Local woman draws horde of hummingbirds with DIY feeder hat
AUGUSTA, Ga. (WRDW/WAGT) - When you think of a hummingbird feeder, you probably think of those hanging jars and the color red.
Hummingbirds love red, but we bet you’ve never seen one like this News 12 viewer is using.
For the past several years, hummingbirds have been returning to Robin and Jason Moore’s home every summer, and this year, Robin wanted to see the birds up close, so she had an idea.
She made a feeder hat and shared the video with us the first time she tried it out because she wanted to share a smile.
Friday, she did more than that. She wanted to share the experience.
It’s a fashion accessory that has Johnston, South Carolina’s smallest annual visitors buzzing. Hats off to Robin for the idea.
“I wanted to feel the flutter,” she said.
All of this was an accident. Her husband bought their first feeder to cheer her up during a tough time.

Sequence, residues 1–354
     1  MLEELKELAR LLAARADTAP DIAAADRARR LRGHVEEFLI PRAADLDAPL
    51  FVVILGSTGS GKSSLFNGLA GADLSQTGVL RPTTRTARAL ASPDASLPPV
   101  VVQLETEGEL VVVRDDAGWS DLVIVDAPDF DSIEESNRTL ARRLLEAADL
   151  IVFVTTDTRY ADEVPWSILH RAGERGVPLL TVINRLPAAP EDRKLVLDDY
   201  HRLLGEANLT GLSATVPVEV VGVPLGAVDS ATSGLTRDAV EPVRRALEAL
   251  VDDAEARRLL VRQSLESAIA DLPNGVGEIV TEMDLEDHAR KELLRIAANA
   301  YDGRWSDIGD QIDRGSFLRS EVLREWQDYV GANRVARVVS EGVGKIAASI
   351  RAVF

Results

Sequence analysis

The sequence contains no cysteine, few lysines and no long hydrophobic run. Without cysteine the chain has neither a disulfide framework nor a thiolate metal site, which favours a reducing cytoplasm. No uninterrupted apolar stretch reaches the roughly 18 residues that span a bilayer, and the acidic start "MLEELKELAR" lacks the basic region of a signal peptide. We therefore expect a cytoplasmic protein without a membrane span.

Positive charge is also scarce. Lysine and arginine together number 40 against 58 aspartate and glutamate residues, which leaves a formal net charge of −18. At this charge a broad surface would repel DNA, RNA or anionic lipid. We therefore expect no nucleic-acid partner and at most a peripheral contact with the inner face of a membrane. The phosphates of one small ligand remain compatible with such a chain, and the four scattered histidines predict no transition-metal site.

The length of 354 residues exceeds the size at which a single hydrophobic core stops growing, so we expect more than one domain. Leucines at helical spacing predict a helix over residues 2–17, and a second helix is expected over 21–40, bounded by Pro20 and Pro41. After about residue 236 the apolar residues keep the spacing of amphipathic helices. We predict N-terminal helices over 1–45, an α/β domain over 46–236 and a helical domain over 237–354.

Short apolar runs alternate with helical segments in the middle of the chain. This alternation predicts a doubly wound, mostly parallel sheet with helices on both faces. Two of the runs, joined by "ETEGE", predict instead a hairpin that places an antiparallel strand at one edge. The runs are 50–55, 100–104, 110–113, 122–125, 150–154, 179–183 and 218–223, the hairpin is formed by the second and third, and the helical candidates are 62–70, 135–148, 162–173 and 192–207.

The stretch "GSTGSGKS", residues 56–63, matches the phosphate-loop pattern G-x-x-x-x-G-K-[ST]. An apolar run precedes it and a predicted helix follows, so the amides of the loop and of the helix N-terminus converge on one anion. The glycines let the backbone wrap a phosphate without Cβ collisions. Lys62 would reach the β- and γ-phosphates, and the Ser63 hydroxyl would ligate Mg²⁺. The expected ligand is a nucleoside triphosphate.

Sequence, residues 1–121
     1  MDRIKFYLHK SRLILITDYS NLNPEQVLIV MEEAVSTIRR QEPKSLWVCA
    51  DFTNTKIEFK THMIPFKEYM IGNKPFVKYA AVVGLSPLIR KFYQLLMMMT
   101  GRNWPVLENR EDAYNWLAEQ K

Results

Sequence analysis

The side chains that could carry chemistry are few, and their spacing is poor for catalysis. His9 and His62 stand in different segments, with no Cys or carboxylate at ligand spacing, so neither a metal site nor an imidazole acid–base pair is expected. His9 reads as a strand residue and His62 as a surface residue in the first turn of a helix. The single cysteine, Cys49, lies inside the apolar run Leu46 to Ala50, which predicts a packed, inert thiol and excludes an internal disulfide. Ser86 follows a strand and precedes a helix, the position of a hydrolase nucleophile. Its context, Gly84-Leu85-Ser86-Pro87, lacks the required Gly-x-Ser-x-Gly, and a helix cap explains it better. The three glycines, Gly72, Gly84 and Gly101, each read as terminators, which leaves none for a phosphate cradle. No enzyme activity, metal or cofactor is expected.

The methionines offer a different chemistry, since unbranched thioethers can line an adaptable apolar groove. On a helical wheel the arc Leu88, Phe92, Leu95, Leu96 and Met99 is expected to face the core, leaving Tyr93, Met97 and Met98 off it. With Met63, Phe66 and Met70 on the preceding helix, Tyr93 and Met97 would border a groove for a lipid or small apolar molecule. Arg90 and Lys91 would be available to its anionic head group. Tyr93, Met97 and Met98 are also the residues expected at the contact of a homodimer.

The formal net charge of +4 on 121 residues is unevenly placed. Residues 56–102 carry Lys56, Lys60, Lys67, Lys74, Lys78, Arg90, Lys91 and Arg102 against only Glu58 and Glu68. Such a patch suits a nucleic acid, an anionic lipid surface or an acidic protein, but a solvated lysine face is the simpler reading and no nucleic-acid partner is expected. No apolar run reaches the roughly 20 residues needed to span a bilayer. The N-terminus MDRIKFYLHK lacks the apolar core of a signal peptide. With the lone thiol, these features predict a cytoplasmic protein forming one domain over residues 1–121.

“The next thing you know, we had 20. And by the middle of summer – August – we had at least 50,” said Robin.
Every summer, the birds return. Robin tracks them on a migration map, and this is just the first wave.
“I do sugar water. I don’t buy nectar,” she said.
Her hard work hasn’t even started yet.
“I take great measures to make sure that I clean the feeders. It’s a job. Amongst feeding them three to four times a day. It’s a full-time job to make sure that they are taken care of,” she said.
This year she has her brand-new feeder that even we had to try on for size. It allows you to see hummingbirds as you’ve never seen them before.
The details of their feathers, their wings... time stands still. You don’t just hear their wings. You feel it. We can’t even begin to imagine what 50 of them around this hat would feel like.
“I’m not nervous. I’m excited. I can’t wait for them to get here,” said Robin.
Like a mother anxious to cook for her kids coming to visit, Robin is loading up on sugar to spoil her summer guests, who are always welcome. She knows her time with them is limited, so she soaks up what she can. And now, she’s doing it in style.
The birds are usually gone by September or October, and Robin says it’s much quieter when they are gone. She wants to stress the importance of cleaning the feeders. If the birds get an infection and their tongues swell, it can be fatal.
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